Rear-Facing: a Deeper-Dive

Rear-Facing: a Deeper-Dive

I've talked about rear-facing before.  In fact, I've done a few videos on the topic (check it out here) and talked about it to  I-don't-know-how-many parents at car seat clinics.  Legit, it's one of the most important things you can do to keep kiddos safe in the car!  

I've talked about it so many times, I have a go-to script.  It goes something like this.... 

"A frontal collision is when your car crashes into an object, like a tree or oncoming vehicle.  It's the most common and the most dangerous type of collision.  During a frontal collision, everything is forced to the front of the vehicle.  The driver will jerk forward and the child will be pushed towards the front of the vehicle. If the child is rear-facing in the car seat, they're pushed into their seat and  their head, neck, back & bum nicely aligned, spreading the impact over the entire spine.

rear-facing in car seat

When the child is front-facing, their head moves towards the front of the vehicle, but because  their body is harnessed, the impact is taken up in their neck."

front-facing in car seat

I've repeated this script so many times, I'm a rear-facing cheerleader!! 

I did a IG story about rear-facing recently and a mom popped into my DMs.  She told me that she explained this to her husband and he said, "What if we get rear-ended? It's the opposite.  You get pushed towards the BACK of the vehicle".  She didn't know what to answer.

The quick truth is: Yes, 100%, he's right... but in reality, it doesn't matter.  Bear with me as I nerd-out....  Check out this video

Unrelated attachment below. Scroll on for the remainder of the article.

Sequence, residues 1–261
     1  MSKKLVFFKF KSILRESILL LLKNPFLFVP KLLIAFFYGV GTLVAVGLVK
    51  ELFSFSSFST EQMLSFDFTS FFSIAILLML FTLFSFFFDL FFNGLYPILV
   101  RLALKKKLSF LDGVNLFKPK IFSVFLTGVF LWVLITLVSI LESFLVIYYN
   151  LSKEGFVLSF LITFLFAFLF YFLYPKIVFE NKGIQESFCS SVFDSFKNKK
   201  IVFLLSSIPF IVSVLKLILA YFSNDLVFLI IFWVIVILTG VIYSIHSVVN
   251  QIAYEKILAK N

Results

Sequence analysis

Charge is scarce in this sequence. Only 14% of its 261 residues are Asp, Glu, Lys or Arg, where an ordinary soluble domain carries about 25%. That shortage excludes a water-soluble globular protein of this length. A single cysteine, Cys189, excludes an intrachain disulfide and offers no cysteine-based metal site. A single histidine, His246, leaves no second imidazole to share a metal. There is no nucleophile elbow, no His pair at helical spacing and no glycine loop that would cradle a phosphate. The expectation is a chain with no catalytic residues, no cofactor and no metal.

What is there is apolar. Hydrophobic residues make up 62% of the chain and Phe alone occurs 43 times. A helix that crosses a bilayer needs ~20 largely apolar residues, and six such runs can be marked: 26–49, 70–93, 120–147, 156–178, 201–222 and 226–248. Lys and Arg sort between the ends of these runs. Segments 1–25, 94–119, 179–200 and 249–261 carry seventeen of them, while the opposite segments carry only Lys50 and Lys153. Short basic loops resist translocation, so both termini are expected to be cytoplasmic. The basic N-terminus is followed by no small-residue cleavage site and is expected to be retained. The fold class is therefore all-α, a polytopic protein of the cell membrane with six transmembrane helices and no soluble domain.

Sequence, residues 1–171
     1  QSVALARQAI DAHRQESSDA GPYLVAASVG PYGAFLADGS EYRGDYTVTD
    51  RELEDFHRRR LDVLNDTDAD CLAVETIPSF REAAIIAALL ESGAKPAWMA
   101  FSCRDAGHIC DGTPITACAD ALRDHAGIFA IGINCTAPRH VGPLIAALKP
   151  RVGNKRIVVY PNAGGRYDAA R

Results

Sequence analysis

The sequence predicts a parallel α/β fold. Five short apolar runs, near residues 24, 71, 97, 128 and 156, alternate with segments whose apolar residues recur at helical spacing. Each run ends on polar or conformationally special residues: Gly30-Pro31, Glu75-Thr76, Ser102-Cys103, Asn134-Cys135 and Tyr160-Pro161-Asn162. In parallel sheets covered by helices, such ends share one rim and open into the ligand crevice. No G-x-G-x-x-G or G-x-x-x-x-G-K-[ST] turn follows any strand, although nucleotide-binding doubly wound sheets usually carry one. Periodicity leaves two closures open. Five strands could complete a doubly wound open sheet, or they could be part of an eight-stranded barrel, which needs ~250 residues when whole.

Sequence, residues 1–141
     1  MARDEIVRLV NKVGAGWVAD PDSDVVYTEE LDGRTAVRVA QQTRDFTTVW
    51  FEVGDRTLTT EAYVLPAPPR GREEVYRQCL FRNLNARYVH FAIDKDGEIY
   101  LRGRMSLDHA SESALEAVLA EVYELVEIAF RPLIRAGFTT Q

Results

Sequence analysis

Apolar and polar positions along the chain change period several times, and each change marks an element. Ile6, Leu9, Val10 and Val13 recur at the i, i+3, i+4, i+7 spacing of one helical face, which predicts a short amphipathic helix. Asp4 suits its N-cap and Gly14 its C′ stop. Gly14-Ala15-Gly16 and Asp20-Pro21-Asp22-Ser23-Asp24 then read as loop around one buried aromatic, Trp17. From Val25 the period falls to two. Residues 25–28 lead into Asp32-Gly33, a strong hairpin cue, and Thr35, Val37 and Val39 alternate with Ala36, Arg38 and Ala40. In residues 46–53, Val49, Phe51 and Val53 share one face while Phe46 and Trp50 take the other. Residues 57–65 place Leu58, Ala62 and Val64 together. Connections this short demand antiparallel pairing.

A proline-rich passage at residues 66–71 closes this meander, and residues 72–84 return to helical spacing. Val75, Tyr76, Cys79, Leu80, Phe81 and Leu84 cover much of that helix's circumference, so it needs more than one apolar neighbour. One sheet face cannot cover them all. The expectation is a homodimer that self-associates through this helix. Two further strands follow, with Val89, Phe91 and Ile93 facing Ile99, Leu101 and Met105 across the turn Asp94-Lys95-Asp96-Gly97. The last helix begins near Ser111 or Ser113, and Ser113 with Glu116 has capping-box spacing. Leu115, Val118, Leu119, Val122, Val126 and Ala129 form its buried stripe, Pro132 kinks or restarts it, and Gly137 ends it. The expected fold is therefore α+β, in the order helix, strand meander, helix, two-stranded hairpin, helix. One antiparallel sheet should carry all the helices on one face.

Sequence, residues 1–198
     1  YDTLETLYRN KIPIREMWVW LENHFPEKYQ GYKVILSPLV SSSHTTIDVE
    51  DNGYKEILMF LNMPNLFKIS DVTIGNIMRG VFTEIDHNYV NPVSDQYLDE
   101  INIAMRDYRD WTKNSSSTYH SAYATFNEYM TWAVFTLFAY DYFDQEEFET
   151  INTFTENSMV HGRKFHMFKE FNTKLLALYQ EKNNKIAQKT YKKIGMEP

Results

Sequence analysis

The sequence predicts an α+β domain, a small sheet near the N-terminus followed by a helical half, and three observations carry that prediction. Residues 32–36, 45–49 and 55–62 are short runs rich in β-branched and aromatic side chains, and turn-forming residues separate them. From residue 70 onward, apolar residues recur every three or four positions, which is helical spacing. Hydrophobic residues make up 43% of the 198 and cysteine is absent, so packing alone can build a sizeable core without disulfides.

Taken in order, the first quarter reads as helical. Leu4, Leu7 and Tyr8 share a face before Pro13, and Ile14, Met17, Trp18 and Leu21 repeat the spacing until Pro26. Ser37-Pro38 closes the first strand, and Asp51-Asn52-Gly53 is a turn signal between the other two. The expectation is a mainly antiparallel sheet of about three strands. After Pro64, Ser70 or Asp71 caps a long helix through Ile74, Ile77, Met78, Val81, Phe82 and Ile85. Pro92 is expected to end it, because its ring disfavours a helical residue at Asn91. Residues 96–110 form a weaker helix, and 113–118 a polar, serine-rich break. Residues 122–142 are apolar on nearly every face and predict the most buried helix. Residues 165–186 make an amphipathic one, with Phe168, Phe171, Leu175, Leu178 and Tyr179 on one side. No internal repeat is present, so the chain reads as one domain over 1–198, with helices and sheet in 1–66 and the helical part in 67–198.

There's 3 types of collisions: frontal (ex; you slip on ice and collide with an oncoming vehicle or a tree), rear-end (ex; you're stopped at the light and buddy behind you looks at his phone and runs into the back of your car) and T-bone or side-impact (ex; you're driving through an intersection and someone blows the red light and collides with the side of  your vehicle).


So, the truth is during a collision, any type, everything in the vehicle is pushed towards the point of impact.  You'll jerk forward in a frontal collision, you'll jerk back when you're rear-ended and your head might hit the window if someone T-bones you.

Car seats are crash-tested in a frontal collision, only.  Why? 

Frontal: It's the most common and can cause the most bodily harm because it can happen at very high speeds.  It's often the cause of vehicle-related deaths.

Rear-end: This happens at lower speeds, often around a street light or stop sign and does less damage (like way less!!). 

T-Bone: same as above, however, car seats somewhat protect kids for side-impact with the head rest.  The big wings beside the child's head aren't only for napping! 

In conclusion, car seats are designed and rules, like extended rear-facing, are created to ensure your child safely survives a frontal collision. 

Well, I hope that was helpful and not incredibly boring!  Let's face it, the topic of car seat safety isn't the most  thrilling subject!   Hopefully, I didn't give you a first class ticket to Snoozeville!  

Natalie, founder of Bundle Baby



Natalie Therrien

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